TSMC halts Huawei orders in wake of new US sanctions: Nikkei Asian Review

New restrictions could affect TSMC sales by 20 percent

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Huawei advertisement in Beijing

Huawei advertisement in Beijing (AP photo)

TAIPEI (Taiwan News) — Taiwan Semiconductor Manufacturing Company (TSMC) has reportedly stopped taking orders from Huawei Technologies in the wake of new U.S. sanctions imposed on the Chinese tech giant to limit its access to American technology.

Nikkei Asian Review reported that the world’s largest semiconductor foundry has halted new orders from Huawei, but orders already placed will proceed and be delivered by mid-September. TSMC declined to comment on the matter due to client confidentiality, but said the company will abide by the new sanctions, wrote CNA.

Washington slapped new restrictions on Huawei on Friday (May 15), which require foreign semiconductor manufacturers to obtain approval from U.S. authorities before shipping semiconductors to the Chinese company for products that use Huawei designs and U.S. technology, wrote AP.

The tightened regulations aim to close loopholes exploited by Huawei to use U.S. technology, Commerce Secretary Wilbur Ross told Fox Business. Last year, the Trump administration prohibited U.S. firms from selling components and software to the Chinese company over national security concerns, but chipmakers have managed to sidestep the ban by supplying Huawei with chips produced outside the U.S.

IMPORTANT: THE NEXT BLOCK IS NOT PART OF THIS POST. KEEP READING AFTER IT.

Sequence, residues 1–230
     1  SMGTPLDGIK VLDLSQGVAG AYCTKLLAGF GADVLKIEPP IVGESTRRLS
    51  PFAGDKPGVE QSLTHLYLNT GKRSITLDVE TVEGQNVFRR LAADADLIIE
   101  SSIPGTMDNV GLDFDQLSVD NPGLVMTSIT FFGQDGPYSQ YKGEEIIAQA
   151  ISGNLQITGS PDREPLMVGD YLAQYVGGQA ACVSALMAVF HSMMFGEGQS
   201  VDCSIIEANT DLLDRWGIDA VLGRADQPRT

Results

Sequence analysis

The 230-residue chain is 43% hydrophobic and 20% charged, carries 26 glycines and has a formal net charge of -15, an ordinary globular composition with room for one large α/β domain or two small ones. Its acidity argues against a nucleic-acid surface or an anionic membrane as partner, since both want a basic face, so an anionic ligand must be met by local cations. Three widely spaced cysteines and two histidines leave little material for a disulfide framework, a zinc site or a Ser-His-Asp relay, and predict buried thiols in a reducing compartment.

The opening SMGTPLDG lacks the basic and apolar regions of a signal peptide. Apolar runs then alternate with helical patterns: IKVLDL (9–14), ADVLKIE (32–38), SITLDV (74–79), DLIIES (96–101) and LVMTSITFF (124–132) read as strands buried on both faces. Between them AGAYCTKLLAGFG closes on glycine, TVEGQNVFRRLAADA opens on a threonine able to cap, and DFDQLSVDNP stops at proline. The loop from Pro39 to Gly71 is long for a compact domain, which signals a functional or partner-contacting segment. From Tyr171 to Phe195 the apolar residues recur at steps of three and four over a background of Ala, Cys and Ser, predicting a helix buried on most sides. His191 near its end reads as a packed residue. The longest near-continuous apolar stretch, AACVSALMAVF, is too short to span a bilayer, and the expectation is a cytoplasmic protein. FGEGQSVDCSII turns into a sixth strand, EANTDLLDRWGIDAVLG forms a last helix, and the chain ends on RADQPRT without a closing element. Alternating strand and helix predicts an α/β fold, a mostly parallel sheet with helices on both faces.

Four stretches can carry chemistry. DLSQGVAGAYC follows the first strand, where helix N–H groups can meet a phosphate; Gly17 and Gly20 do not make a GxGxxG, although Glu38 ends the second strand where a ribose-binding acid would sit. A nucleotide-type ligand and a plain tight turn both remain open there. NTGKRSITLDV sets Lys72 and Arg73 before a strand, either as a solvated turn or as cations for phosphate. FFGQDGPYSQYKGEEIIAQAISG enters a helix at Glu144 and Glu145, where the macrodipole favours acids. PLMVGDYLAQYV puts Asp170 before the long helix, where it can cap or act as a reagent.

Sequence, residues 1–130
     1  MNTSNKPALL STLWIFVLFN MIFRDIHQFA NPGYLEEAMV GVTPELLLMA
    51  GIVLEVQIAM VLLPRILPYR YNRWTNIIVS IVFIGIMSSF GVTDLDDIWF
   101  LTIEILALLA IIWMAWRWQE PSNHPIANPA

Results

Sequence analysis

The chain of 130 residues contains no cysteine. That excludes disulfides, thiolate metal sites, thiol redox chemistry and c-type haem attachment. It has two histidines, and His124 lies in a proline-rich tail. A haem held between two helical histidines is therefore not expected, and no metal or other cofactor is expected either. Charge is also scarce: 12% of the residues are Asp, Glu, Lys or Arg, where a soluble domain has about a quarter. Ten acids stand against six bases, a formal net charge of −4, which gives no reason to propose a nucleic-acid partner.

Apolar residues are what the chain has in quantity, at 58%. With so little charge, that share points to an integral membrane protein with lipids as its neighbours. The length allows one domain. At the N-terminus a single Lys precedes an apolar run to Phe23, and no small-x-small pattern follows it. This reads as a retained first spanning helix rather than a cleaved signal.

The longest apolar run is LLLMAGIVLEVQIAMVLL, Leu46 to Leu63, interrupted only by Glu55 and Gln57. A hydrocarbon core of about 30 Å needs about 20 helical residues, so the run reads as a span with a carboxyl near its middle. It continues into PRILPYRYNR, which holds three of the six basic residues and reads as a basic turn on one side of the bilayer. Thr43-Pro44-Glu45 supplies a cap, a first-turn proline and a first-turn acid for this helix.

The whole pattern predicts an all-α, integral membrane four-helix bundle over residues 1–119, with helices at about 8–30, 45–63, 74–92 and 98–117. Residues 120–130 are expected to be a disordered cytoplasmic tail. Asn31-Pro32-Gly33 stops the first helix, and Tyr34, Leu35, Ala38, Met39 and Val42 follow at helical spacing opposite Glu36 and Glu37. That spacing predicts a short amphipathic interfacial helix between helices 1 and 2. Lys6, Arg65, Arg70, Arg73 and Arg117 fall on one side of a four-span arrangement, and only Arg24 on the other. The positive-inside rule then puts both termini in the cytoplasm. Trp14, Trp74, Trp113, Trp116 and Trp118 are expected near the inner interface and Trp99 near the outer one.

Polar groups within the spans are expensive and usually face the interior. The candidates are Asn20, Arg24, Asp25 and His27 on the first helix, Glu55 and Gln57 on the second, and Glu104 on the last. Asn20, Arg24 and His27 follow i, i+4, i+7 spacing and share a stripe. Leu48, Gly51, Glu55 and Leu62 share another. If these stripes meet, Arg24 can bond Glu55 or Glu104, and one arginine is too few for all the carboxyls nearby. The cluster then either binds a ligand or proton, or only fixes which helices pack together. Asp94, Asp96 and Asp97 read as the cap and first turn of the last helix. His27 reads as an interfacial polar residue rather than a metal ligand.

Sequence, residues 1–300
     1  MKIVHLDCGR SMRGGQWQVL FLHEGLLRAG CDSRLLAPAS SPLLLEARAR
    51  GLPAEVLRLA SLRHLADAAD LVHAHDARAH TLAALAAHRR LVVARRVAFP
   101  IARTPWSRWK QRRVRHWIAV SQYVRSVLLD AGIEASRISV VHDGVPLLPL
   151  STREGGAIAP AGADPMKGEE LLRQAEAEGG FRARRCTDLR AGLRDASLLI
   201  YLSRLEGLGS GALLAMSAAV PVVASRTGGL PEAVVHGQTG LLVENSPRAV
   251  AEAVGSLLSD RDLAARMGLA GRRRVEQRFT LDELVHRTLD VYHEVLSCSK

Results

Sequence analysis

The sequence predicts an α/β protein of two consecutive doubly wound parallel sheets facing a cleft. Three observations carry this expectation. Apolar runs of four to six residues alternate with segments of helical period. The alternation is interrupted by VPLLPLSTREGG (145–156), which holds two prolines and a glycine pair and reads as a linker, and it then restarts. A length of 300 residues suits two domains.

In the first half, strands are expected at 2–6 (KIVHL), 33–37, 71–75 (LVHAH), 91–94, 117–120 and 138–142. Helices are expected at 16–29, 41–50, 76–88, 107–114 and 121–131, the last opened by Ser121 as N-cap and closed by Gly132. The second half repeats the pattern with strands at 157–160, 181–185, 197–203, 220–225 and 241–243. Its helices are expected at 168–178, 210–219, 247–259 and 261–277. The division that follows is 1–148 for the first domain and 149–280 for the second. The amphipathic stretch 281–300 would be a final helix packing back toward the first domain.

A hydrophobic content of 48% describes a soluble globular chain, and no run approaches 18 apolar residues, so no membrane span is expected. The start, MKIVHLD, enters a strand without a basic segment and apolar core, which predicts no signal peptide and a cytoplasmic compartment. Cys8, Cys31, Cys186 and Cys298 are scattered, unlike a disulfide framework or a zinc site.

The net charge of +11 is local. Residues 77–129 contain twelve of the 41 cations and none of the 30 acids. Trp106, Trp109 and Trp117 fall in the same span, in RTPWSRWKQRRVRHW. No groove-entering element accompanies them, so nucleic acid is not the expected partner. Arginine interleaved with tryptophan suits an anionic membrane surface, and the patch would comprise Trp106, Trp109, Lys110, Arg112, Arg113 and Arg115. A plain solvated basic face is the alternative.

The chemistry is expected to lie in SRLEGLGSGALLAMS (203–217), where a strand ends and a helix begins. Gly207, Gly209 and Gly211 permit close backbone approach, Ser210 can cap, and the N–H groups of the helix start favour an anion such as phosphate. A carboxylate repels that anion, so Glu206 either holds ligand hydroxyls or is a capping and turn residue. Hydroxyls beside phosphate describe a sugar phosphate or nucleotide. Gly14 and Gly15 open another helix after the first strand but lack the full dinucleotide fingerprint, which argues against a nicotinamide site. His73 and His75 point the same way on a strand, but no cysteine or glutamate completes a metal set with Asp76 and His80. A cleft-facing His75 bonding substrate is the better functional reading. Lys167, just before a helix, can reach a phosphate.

China has vowed retaliatory action against the new restrictions, describing the measures as a violation of market principles and saying the move jeopardizes the global supply chain.

With Huawei being the second largest client of TSMC, the sanctions could hurt its revenues by 15 to 20 percent, wrote UDN. Also on Friday, TSMC announced plans it would be building a new US$12 billion fab in Arizona with support from the U.S. government. The foundry, dedicated to the manufacture of 5-nanometer chips, is expected to begin production in 2024 and generate over 1,600 jobs.